Start-up Pitching for Lawyers
An article from Josh Kubicki, with advice customized for lawyers & law students on how to pitch their business idea.
Lawyers and law students need to think more like entrepreneurs. But if they are to take the next step and become one and start a startup, they will need to do more than think. They will need to pitch. The experience of pitching an idea or business is certainly foreign to most lawyers and students. Law school does not touch on this at all (and rarely on any real business situations). Therefore, I thought it might be helpful to some out there to share my thoughts on what law students and lawyers should do in delivering their pitch. This is especially pertinent to the students at MSU College of School, whose Startup Competition I will be judging in less than a week.
So here is my incomplete set of rules for any lawyer or law student giving a pitch.
This is about business not the law. While you may have an idea related to or firmly planted in the legal arena, speak about the business you are trying to start. Law school has a tendency (if not outright stated objective) to alter the way students think and speak. Now is not the time for esoteric or exhaustive issue spotting. Provide the critical path from your idea to business success.
Solve an actual problem. It is easy to think of ideas that would be fun or exciting in some way. Too often aspiring entrepreneurs come up with an idea that sounds cool or nifty but does not solve an actual problem. To be successful you will want to solve a problem that many people experience. Start here. If your idea does not solve an actual problem you do not have a business, you have a hobby.
State your solution clearly. A solution has action orientated and achievable components. Anything else is an aspiration. Aspirations do not get funded. If you have an aspiration, look at the non-profit business model. An aspiration sounds like this, “we will increase access to justice” or “we will make law school more meaningful and valuable.” A solution sounds like this, “our company will develop and provide a technology portal that enables flipped classrooms in the law school environment. This portal will deliver relevant content, provide collaboration space and real time interactions, as well as serve as a sustainable repository of knowledge for each student to use throughout their law school and lawyer career.”
Define your market. So many . . . too many . . . people mess this part up. First, make sure you have properly identified your market. Is this an education-focused startup? Or better yet, the edtech market within higher education? Please do not say “legal market” as that is too broad and so vulnerable to misinterpretation. Define it in the clearest and most understandable terms. Next value it. Not the market as a whole – which is what most people do – but by what percentage of the overall market you can access and sell to in a period of time. Such as “By year 3 our total addressable market will be roughly 15% of the law school text book publishing market. This 15% yields a revenue of $1.5M based on our current price point and projected sales.”
Make no mistake you are selling when you pitch. You are not demonstrating how smart or clever you are. If you are either, do not worry that will be self-evident. You are pitching to “sell” people on your idea – both the judges and the audience (which happen to be competing against you.) Down the road you may be selling to potential investors. If you know anything about sales, then you know this – selling is less about actually selling and more about creating an urge to buy. You want the judges and audience to crave getting involved with you and your idea. The best way to do this is create an emotional connection. This does not mean being emotional. It means you need to establish an emotional connection between you and the listener. How to do this – too long to go into here so just Google “Brands: The Power of Emotion.”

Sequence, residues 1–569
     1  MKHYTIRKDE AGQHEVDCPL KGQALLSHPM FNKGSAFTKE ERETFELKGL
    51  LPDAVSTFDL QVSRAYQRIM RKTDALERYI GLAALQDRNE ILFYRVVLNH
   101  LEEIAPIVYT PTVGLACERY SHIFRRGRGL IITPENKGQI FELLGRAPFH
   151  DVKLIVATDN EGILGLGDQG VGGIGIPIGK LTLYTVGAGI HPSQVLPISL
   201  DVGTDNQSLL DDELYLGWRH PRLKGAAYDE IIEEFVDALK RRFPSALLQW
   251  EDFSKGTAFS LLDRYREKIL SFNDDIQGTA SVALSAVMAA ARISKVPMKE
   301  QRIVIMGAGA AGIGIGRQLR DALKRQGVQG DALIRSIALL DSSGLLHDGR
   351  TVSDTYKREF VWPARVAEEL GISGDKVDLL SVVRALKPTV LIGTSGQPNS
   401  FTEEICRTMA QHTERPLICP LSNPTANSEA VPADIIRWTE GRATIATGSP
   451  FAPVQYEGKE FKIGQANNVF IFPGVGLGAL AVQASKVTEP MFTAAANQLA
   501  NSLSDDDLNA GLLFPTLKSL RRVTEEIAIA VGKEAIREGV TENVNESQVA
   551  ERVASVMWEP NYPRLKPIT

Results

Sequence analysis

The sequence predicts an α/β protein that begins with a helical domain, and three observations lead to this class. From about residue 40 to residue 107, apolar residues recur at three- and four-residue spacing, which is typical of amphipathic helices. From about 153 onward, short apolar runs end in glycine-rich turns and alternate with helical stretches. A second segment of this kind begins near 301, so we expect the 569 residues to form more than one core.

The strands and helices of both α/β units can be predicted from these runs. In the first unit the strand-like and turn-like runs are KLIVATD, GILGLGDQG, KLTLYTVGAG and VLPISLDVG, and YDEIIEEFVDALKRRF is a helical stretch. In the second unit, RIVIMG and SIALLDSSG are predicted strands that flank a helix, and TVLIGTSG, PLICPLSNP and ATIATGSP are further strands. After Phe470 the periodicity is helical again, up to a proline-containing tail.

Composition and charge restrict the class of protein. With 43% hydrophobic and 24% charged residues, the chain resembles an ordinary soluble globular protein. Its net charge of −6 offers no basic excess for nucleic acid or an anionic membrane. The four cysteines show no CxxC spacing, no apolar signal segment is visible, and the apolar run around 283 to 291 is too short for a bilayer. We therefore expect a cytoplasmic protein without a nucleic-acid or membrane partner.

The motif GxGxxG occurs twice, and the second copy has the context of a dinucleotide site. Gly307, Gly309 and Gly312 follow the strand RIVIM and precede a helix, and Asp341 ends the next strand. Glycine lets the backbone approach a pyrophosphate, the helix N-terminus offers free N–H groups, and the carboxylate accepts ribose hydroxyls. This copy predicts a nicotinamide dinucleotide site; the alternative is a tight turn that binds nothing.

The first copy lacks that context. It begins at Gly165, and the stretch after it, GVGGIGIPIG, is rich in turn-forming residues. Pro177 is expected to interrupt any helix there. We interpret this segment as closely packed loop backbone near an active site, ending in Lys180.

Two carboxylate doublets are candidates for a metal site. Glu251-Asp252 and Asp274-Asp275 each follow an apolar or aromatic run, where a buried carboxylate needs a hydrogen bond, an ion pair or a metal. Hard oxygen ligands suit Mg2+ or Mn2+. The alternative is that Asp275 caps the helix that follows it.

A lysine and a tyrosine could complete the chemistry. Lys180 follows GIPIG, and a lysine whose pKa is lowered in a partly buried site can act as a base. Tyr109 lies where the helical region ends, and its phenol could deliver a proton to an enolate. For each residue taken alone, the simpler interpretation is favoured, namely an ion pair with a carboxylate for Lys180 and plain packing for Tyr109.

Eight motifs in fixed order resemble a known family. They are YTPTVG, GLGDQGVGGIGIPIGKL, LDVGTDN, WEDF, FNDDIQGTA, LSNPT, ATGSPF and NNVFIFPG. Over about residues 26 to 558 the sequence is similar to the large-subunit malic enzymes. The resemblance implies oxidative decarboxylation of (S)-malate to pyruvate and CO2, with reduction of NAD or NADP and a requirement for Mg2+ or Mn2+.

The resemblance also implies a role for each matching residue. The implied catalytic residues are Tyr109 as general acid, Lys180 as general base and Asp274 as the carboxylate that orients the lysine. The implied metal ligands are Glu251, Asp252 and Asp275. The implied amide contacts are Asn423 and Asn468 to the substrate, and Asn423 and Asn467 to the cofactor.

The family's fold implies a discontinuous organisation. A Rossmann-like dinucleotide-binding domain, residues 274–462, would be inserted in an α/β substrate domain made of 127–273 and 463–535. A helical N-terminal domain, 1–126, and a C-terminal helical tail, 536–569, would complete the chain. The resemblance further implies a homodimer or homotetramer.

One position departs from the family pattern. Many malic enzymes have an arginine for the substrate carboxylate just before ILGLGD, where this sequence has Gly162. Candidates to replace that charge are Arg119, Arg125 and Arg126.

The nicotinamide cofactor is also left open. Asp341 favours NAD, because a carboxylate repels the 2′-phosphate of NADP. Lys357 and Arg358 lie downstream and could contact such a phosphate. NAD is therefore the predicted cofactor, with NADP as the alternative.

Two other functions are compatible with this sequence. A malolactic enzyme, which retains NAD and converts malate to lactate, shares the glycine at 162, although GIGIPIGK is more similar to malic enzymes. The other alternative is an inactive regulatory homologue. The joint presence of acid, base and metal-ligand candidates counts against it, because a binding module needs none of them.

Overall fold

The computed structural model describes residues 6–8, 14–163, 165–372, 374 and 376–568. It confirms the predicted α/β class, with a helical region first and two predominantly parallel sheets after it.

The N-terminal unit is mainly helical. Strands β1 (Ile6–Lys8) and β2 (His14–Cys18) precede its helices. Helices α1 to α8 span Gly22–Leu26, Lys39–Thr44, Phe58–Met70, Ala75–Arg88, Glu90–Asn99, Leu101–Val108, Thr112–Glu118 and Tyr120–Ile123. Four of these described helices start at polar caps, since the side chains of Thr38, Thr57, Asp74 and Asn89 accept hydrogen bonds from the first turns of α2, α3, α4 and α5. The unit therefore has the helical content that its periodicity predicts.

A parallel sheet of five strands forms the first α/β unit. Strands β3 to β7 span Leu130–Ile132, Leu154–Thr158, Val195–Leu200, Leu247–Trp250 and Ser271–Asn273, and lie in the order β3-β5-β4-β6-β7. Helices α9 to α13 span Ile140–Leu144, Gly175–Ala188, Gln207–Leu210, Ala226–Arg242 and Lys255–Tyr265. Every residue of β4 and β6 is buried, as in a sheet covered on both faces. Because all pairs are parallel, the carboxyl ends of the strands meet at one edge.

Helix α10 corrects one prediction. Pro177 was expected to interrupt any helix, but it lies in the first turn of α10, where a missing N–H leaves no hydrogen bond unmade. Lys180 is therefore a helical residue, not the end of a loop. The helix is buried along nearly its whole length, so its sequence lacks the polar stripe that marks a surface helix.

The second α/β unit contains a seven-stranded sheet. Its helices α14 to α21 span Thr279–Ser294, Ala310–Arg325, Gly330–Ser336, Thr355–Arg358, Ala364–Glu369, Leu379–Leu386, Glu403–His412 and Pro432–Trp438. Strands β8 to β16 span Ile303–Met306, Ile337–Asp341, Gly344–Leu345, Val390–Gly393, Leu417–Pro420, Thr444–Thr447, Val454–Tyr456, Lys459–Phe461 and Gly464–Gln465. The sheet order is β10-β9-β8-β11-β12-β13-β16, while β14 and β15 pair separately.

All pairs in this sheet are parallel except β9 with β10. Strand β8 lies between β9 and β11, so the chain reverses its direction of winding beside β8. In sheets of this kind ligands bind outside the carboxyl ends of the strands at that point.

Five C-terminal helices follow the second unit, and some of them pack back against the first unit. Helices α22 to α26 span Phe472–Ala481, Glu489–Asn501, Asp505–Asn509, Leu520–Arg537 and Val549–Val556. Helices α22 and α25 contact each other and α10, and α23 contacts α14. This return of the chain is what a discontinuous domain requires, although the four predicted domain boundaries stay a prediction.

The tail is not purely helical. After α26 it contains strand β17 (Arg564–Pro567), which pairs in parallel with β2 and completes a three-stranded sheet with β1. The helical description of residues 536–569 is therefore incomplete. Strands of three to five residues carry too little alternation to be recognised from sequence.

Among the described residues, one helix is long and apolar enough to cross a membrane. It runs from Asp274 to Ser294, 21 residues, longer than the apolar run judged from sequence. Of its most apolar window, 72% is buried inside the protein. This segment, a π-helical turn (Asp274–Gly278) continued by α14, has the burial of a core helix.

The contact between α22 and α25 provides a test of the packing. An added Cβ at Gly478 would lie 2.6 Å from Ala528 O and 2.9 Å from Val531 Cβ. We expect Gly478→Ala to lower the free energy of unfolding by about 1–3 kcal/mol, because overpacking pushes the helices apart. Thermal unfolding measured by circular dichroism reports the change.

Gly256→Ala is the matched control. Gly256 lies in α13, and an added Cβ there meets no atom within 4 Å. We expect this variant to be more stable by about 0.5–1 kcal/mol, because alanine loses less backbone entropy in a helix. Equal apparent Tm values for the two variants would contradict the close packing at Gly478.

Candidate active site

Tell a story. This builds on Rule 5. The best way to establish an emotional connection is by storytelling. Do not just throw bullet points and data on the screen. Your whole pitch does not need to be a story however. The best use of storytelling is in framing the problem you are solving or how you came up with the idea. This puts a personal perspective on your pitch and has a better chance of engaging your audience immediately.
Both Rules 5 & 6 are about finding your first follower in the crowd you are presenting to. Hopefully it is a judge or investor. And ideally you will have more than one but one will suffice. It may be your future co-founder or mentor. Or just a rabid fan of your product or service. All are essential to cultivate. If you do not know TED, get to know it hear as you see and hear the power of getting your first follower.
Please no death by Powerpoint. Use your slides as a support role not the leading role. Google “10-20-30” for general guidance.
Get to the point. Lawyers are verbose by trade and use language that disguises commonality. Rumor has it most of us like to hear ourselves talk too. Another trait is to be risk averse and therefore use too many disclaimers and prepositions. Resist the urge to pontificate or lecture. Tell us what you intend to do and use action words. Think sound bites and casual language. Want a great example? Watch this video of Candace Klein pitch her company SoMoLend. Oh and Candace is a lawyer so it can be done.
What will you do with the money? People forget this part more than you would think. If you are pitching to win prize money or investment dollars, explain what your plans are for the money. You are getting money to continue building out your idea – tell us as much as you can about where the money will go. If you paint us a picture that demonstrates the value and outcome of the money to your startup it is easier for us to give it to you because we want to “own” part of that vision too.